Generally though, ammeding the buffer protocol seems a far more straight forward way to get typed memoryviews in Cython which support in principle anything. Plus, we might get much better reach (soonish).

These efforts wish to cross language boundaries better, but beyond that are in parts more narrow in scope than such an ammendment could allow in the buffer protocol.

And yes, I also still dislike that we never even discuss improving it because of the feeling that it is too hard to evolve (for no reason other than unclear ownership and the fact that maybe nobody feels quite confident about pushing it).

Frankly, I even suspect we could reasonably hack device (i.e. GPU/cuda, etc.) support into the buffer protocol and piggy-back it in a way that means it can be used on older Python versions. Although that would of course create buffer objects that the core memoryview wouldn’t support (until it does maybe).

Nobody besides Mike has responded. I wonder if there are others in the SciPy community interested in this? Together you could do-author a PEP (but it would be best to have a discussion of a straw man proposal here first).

I’ve pinged the cython mailing list to see if they’re interested, as the most interesting use case for this will require cython support.


I tried to reply to the Cython-devel mailing list, but I got a “mail-bounced” message, so presumably I’m not trusted today for some reason. Therefore I’ve posted my response below here (apologies if it doesn’t quite make sense in this thread, since it’s more a response to your mailing list message):

So my superficial thoughts:

  1. The buffer protocol has two bits. The first says “given this predictable memory layout, you can look up an item in memory with these rules”; the second describes what the items in memory are. I think you’re only proposing to change the second part of it. I’d encourage you not to change the first part - the nice thing about the first part is that it’s relatively simple and doesn’t try to do anything. For example I’d be sceptical about trying to support ragged arrays.

  2. As you identify, for a more advanced memoryview to be useful in Cython, Cython really has to be able to know an underlying C type for your data at compile-time and be able to validate that the buffer it’s passed matches that C type at runtime. The validation could have varying degrees of strictness (i.e. in the worst case we could just check the size matches and trust the user). We already support that to extent (packed structs with structured arrays) but that doesn’t cover everything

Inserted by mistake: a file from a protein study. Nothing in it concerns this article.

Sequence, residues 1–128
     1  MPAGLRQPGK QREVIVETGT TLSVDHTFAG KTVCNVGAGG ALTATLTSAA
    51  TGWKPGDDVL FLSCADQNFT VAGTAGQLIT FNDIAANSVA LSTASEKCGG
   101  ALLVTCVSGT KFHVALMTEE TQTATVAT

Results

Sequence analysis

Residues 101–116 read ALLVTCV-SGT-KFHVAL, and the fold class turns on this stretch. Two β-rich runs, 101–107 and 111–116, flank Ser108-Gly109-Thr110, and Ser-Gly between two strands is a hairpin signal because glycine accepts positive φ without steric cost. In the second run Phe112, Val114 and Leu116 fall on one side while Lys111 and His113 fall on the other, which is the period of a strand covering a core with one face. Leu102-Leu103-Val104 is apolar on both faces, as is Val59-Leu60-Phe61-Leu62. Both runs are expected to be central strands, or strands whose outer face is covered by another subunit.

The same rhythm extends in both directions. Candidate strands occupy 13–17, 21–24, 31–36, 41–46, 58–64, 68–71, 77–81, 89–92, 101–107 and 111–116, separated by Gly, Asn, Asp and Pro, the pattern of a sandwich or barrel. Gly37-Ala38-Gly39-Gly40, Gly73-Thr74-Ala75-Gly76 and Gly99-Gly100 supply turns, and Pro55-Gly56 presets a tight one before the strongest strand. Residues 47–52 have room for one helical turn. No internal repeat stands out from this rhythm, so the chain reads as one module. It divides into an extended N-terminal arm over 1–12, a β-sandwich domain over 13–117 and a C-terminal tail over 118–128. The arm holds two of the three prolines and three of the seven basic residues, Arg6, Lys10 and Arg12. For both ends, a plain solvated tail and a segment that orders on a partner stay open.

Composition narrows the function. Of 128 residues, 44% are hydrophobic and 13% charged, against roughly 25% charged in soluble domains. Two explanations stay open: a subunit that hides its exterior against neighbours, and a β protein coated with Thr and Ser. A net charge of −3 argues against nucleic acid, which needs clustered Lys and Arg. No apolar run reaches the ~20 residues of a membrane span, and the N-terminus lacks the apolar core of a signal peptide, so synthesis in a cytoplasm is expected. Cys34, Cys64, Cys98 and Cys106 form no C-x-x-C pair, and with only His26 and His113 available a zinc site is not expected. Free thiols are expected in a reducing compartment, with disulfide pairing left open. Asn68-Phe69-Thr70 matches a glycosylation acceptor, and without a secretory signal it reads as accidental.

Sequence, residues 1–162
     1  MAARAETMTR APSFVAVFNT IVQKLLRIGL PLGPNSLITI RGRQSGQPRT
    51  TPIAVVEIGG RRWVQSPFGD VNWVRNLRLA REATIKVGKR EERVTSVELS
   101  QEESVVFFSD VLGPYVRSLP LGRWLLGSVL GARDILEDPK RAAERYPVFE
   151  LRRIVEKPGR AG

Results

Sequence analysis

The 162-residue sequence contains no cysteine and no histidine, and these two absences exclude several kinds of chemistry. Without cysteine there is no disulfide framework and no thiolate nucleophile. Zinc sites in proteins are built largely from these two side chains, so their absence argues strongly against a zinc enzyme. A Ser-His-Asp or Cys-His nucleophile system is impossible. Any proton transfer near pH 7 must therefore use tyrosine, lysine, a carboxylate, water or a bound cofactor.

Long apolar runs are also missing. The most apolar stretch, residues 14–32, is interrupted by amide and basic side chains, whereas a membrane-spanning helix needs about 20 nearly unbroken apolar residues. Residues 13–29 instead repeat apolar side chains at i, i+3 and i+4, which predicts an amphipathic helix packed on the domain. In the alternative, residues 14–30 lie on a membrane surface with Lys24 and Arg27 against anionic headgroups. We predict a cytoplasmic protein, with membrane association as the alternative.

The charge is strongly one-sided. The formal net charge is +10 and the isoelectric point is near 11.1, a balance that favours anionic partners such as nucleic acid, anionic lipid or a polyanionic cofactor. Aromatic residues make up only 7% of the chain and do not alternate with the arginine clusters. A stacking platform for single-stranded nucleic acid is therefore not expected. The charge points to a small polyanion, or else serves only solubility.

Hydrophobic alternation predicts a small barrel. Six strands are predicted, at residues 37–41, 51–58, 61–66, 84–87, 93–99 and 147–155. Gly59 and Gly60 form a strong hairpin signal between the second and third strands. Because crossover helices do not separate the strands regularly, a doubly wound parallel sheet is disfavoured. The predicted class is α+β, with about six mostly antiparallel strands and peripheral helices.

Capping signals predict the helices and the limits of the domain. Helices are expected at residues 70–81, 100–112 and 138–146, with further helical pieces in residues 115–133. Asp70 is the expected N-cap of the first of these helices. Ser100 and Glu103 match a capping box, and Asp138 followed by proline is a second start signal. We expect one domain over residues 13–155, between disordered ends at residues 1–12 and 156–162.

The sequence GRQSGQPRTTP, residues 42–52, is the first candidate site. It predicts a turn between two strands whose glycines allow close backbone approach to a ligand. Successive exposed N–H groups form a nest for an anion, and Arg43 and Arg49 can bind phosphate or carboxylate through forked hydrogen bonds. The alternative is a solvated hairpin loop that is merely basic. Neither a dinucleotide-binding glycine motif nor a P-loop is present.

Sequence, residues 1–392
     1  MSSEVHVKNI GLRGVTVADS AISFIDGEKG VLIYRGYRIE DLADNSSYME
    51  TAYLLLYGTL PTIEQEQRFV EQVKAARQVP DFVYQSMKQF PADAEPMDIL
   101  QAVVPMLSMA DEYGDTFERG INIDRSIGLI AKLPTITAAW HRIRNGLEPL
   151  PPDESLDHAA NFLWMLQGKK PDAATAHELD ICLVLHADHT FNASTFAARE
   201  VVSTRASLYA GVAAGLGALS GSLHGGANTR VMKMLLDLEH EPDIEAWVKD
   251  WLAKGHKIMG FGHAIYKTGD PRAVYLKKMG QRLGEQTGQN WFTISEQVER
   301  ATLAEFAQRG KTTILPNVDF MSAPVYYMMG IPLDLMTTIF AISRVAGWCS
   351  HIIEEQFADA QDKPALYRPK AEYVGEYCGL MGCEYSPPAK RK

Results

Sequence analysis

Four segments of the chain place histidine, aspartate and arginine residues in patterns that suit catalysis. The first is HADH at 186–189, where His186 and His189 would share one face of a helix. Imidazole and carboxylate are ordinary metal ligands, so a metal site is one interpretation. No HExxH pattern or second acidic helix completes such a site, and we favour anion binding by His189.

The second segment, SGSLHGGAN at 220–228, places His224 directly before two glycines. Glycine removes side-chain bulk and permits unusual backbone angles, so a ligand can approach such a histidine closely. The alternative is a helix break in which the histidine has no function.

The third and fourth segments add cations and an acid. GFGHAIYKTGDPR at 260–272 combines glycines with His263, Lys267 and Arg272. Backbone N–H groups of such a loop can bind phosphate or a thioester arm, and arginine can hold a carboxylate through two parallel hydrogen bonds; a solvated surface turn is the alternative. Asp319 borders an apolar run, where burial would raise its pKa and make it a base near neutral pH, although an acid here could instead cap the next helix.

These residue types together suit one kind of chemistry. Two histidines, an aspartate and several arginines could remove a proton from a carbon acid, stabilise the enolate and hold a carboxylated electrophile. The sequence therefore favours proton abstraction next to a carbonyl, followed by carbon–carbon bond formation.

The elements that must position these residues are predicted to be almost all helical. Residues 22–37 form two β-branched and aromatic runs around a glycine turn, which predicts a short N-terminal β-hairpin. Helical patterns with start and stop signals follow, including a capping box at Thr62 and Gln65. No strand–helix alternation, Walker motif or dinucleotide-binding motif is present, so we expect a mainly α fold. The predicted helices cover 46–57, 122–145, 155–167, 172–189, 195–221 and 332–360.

3. For your variable length string example, the C struct to use is fairly obvious (just your struct ss). The difficult bit is likely to be memory management of that. I’d kind of encourage you not to expect Cython to handle the memory management for this type of thing (i.e. it can expose the struct to the user, but it becomes the user’s own problem to work out if they need to allocate memory when they modify the struct).

  4. Things like the datetime for Pandas, or a way of having a float16 type seems like the sort of thing we should definitely be able to do.

  5. In terms of Apache Arrow - if there was demand we probably could add support for it. Their documentation says: “The Arrow C data interface defines a very small, stable set of C definitions that can be easily copied in any project’s source code” - so that suggests it need not be a dependency.

  6. One of the points of the “typed memoryview” vs the older “np.ndarray” interface is that it was supposed to be more generally compatible. While we could extend it to match any non-standard additions that Numpy tries to make, that does feel dodgy and likely to conflict when other projects do their own thing. I think it would be better if the Python standard could be extended (even if it was just something like a code to indicate “mystery structure of size X”)

Don’t know if these thoughts are useful. They’re a bit scattered. I guess the summary is “we could definitely do more with custom data types, but don’t break the things that made the buffer protocol nice”.